American veterans captured by Russia while fighting for Ukraine released, families say

·2-min read
Robert Drueke, 39, (left) and Andy Huynh, 27 (right), were reportedly captured by Russian forces following a battle in Kharkiv, according to Russian military claims. The men are the first Americans fighting with Ukraine to be captured during the war. (social media)
Robert Drueke, 39, (left) and Andy Huynh, 27 (right), were reportedly captured by Russian forces following a battle in Kharkiv, according to Russian military claims. The men are the first Americans fighting with Ukraine to be captured during the war. (social media)

Two American men who were captured by Russians while fighting for Ukrainian defence forces have been released, their families said.

Andy Huynh and Alexander Drueke, both military veterans from Alabama, have reportedly been released after they were captured by Russians while fighting for Ukraine.

According to a joint statement released by their families, the men have reportedly been turned over to the custody of the US Embassy in Saudi Arabia.

"We are thrilled to announce that Alex and Andy are free," the families said. "They are safely in the custody of the US embassy in Saudi Arabia and after medical checks and debriefing they will return to the States."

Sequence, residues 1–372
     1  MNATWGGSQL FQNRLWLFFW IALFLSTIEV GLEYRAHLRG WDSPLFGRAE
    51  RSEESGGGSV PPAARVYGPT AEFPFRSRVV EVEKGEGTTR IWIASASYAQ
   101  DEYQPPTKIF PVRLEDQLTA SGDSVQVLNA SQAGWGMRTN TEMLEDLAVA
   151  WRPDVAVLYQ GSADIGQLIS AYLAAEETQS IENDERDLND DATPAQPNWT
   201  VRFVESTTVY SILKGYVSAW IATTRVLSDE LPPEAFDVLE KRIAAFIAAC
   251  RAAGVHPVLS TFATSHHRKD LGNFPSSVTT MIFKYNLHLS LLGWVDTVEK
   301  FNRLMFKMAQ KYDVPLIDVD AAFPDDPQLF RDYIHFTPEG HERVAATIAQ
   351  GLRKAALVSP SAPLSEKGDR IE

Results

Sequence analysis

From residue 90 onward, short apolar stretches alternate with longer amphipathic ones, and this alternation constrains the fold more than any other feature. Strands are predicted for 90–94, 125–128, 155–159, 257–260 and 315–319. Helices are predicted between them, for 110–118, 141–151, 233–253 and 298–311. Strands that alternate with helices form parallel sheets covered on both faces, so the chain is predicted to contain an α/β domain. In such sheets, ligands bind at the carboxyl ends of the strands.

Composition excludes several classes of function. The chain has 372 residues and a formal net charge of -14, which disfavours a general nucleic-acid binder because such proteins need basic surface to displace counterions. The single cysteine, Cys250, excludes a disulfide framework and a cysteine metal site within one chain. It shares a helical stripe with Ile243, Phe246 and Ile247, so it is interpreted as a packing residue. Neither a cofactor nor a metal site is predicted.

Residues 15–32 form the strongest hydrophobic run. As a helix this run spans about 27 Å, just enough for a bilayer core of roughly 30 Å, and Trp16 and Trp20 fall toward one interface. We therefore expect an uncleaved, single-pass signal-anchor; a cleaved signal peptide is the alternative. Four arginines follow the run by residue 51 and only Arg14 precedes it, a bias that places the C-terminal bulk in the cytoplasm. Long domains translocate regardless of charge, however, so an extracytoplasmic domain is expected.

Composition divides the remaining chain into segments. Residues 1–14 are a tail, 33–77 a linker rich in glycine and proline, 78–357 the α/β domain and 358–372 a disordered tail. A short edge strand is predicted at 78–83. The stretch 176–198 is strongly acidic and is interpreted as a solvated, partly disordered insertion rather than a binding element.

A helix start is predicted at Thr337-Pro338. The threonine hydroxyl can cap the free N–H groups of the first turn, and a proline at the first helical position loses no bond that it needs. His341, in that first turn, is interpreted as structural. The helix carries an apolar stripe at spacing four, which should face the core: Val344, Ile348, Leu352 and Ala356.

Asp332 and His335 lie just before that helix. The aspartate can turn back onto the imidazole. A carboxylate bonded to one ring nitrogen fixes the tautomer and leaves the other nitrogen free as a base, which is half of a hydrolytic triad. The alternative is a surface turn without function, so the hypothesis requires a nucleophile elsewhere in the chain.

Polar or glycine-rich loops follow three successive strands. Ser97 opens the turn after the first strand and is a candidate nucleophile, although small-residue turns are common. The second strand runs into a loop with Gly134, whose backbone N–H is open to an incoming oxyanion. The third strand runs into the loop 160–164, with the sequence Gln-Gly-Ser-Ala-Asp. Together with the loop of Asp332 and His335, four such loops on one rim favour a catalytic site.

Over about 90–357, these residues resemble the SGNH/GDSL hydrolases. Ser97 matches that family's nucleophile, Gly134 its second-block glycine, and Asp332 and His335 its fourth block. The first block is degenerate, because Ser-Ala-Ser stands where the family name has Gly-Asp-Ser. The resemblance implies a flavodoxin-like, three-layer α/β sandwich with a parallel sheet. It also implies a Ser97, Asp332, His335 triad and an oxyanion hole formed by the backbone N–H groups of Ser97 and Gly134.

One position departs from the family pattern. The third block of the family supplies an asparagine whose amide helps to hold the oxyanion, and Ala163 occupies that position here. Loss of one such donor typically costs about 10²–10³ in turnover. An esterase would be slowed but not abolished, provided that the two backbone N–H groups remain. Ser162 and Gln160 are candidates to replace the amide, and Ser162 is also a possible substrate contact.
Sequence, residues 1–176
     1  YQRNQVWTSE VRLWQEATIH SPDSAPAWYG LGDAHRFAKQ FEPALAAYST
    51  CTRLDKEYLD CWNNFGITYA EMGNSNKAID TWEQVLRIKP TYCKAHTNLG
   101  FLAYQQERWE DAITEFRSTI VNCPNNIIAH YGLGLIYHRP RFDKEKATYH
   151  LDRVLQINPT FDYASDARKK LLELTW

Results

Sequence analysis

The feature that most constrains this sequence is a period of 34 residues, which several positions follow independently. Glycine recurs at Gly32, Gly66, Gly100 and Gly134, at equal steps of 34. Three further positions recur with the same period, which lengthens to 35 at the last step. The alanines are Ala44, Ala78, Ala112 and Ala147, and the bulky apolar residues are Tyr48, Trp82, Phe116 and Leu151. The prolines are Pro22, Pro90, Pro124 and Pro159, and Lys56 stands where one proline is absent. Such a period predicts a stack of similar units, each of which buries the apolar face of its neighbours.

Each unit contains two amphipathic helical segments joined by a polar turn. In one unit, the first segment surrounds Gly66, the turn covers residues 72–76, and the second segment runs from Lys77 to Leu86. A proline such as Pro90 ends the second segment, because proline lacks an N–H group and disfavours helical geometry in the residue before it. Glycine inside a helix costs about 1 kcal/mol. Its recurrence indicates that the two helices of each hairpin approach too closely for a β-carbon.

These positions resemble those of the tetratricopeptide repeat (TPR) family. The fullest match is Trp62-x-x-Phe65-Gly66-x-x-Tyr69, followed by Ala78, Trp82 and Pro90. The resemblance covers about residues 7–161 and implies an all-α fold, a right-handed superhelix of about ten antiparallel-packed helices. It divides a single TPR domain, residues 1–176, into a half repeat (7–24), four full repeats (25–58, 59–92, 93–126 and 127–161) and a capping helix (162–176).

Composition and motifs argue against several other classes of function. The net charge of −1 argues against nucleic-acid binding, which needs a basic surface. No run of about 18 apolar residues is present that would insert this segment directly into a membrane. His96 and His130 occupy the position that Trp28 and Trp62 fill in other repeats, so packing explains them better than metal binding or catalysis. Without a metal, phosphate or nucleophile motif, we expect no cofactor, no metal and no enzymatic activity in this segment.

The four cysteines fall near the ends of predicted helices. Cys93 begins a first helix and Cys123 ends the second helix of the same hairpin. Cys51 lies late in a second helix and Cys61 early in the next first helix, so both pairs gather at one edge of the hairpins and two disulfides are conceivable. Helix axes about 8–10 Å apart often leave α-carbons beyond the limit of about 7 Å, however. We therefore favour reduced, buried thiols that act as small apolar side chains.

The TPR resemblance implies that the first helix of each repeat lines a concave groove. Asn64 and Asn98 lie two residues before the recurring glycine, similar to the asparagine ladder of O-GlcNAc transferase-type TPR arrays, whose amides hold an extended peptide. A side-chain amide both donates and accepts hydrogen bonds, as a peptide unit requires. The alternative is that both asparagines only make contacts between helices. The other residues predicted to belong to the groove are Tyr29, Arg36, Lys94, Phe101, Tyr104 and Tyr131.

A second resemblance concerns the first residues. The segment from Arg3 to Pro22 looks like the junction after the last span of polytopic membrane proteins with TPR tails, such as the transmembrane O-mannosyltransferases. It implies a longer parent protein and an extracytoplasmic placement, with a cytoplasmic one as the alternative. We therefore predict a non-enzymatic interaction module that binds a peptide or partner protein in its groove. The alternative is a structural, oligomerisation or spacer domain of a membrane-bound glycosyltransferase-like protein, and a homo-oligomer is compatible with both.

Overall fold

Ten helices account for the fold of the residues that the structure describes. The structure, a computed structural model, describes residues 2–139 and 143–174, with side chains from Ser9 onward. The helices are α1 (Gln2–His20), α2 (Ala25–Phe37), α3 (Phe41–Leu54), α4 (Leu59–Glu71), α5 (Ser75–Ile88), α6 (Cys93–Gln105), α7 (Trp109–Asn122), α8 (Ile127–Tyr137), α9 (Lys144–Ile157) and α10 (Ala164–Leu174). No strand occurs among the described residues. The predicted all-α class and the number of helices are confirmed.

The families said they "deeply appreciate everyone's prayers and especially the close communication and support of our elected officials, Ukrainian Ambassador Markarova, and our members of the US embassies in Ukraine and Saudi Arabia and the US Department of State."

According to the Saudi Ministry of Foreign Affairs, the men among 10 prisoners of war Russia released thanks to "mediation efforts" done on behalf of Saudi Crown Prince Mohammed bin Salman.

British, Swedish, Croatian and Moroccan nationals were also released as a result of that deal.

According to a fellow soldier who was with Mr Drueke and Mr Huynh, the men were captured after they helped to disable a Russian tank. The Americans were separated from the rest of their group in smoke from the attack and were then captured by Russian forces.

The men were then reportedly held in the Donetsk People's Republic, a Russian-backed separatist region in Ukraine.

The Americans appeared on Russian state TV in interviews during which the men said they had changed their opinion on the war. Their families said the men were clearly being coerced and used for propaganda by Russian military officials.

Mr Huynh's fiance, Joy Black, told Reuters that the men were motivated to aid Ukraine after watching early coverage of Russia's invasion.

“When Andy saw this footage coming out of Ukraine he said he couldn’t sleep, couldn’t eat, was just consumed by the horror that these innocent civilians were going through,” she said.

Lois Drueke, Mr Drueke’s mother, told the outlet that she did not like the idea of her son fighting in another war, but understood why it was important to him.

“As a mother of course I didn’t want my child in harm’s way,” she said. “But I knew that it was really important to Alex, he wanted a purpose to his life and he felt that this was good and noble.”